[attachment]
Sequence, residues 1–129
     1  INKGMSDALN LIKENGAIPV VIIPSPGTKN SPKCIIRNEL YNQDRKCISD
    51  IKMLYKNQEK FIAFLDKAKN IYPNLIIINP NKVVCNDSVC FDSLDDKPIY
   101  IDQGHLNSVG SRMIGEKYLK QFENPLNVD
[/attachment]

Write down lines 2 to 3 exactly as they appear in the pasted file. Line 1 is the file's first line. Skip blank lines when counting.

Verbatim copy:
     1  INKGMSDALN LIKENGAIPV VIIPSPGTKN SPKCIIRNEL YNQDRKCISD
    51  IKMLYKNQEK FIAFLDKAKN IYPNLIIINP NKVVCNDSVC FDSLDDKPIY